There are other conditions that may produce a benign lump in the breast, including fibroadenosis and fat necrosis. A fibroadenoma is a solid mass that grows slowly, is not necessarily related to the menstrual cycle, and rarely causes pain. It is seen most commonly in women in their late teens and early twenties. While there appears to be a higher incidence of breast cancer among women with cystic breast disease, no similar relationship has been established between fibroadenosis and eventual malignancy. However, such lumps should also be examined by a health care provider. In cases where the lump is large enough to deform the contour of the breast, surgical removal may be desirable, both for cosmetic reasons and for reassurance that there are no cancerous cells. Fat necrosis is caused by a severe blow to the fatty tissue (a woman’s breasts are one of the main storage areas of fat). The lump may not form until long after the injury, and it may cause a deformation of the skin surface. Any such development should always be checked.



Following a diagnosis of fibrocystic breast disease, no other treatment may be necessary other than support from a properly constructed brassiere. Other women with cystic breasts obtain relief through restricting their intake of caffeine containing beverages (coffee, cola, tea, cocoa, chocolate, and through vitamin E supplementation 400-800IU or Oil of Evening Primrose 500mg. Tylenol or Ibuprofen may be used for pain.



Maintaining an ideal body weight will decrease the excessive estrogen which is produced in fat tissue and thereby decrease the estrogenic stimulation of the breast tissue.  Avoidance of excessive red meat, foods high in polyunsaturated fats, and excessive alcohol intake will decrease breast pathology including breast cancer.  The addition of foods containing indole-3-carbinol (I3C) or supplements of diindolymethane (DIM) have been found to be beneficial in decreasing the potent carcinogenic estrogens in the body.  DIM and I3C are found in the cruciferous vegetables like broccoli, cauliflower, cabbage, and Brussels sprouts.  The Women’s Wellness Place supplements for healthy breast (“Women’s Liberation”) and the menopause supplements (“Cool Menopause AM Formula” and “Cool Menopause PM Formula”) have these substances included just for that reason!!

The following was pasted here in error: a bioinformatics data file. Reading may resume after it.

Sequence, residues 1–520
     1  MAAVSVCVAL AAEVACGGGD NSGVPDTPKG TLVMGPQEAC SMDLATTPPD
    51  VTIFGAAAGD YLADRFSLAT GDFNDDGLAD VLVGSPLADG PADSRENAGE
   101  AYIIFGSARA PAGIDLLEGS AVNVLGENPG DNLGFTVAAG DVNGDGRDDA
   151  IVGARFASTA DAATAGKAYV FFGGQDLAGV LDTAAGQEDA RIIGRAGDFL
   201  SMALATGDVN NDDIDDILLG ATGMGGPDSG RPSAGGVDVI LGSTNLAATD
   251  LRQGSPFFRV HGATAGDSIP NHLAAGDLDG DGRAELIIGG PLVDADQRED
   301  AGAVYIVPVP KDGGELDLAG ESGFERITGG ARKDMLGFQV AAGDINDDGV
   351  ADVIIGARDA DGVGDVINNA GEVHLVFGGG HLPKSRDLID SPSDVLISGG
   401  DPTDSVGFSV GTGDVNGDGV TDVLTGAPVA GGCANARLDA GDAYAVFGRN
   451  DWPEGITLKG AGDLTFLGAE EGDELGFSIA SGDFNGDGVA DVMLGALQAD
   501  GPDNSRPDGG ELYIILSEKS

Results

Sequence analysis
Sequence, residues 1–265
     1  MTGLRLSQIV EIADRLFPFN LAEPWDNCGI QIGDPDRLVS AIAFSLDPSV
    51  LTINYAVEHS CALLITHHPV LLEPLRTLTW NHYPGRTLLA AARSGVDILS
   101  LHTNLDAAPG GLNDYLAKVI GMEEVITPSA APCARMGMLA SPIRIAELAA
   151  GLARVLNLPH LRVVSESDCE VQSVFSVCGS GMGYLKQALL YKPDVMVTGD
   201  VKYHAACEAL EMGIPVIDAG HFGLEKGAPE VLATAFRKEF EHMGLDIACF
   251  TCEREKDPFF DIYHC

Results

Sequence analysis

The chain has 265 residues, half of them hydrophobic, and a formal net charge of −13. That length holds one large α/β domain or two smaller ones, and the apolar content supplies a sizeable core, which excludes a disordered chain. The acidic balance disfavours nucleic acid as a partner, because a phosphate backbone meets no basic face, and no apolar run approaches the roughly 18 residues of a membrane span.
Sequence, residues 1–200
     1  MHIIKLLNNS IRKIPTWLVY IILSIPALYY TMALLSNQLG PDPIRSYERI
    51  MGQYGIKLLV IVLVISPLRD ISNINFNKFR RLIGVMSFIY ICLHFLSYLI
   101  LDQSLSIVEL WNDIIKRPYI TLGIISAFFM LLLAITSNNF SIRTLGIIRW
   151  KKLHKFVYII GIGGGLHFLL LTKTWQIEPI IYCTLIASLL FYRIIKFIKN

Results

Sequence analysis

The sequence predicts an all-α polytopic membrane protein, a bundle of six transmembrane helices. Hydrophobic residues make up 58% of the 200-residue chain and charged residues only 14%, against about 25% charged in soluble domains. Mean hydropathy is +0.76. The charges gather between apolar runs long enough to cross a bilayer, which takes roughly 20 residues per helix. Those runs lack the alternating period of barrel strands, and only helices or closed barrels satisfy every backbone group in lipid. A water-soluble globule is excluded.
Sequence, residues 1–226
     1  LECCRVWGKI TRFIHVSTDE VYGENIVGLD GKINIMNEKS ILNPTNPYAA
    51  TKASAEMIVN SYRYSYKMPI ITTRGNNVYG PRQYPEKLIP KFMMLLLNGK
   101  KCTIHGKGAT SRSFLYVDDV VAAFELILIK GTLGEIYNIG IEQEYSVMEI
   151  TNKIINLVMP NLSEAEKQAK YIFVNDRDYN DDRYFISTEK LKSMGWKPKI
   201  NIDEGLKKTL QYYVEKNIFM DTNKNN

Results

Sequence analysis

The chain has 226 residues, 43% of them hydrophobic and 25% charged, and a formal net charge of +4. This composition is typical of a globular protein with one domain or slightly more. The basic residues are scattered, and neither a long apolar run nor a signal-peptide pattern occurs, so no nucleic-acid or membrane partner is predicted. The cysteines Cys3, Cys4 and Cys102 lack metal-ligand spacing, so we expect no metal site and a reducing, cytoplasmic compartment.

Several plant compounds have structural and functional similarities to estrogens and are called “Phytoestrogens”.  Soy beans and clover contain the isoflavonoids genestein and diadzein.  Green tea and legumes contain the lignans enterolactone and enterodiol.  These estrogen-like substances may bind to estrogen receptors in tissue like breast and block the action of the more carcinogenic estrogens thereby preventing breast stimulation and cancer.  Also, Soy, green tea, and legumes are excellent additions to the diet and help you maintain your ideal body weight!!



Cystic breast disease is an abnormal or exaggerated response of areas of the breast to cyclic hormonal stimulation. Fibrocystic breast disorders are mostly benign, but if they cause pain or a disfiguring distortion of breast contour, they can be treated in various ways.  Occasionally, a pre-cancerous change will be found on a biopsy of an area of fibrocystic change. This is why any lump in the breast should be checked by a health care provider to rule out the possibility of cancer. Self examination of breasts should be a monthly routine for all women; any doubtful symptoms should be brought to your provider’s attention for prompt diagnosis. You are the most likely candidate to find a lump - and if you do, be sure you and your doctor follow up on it.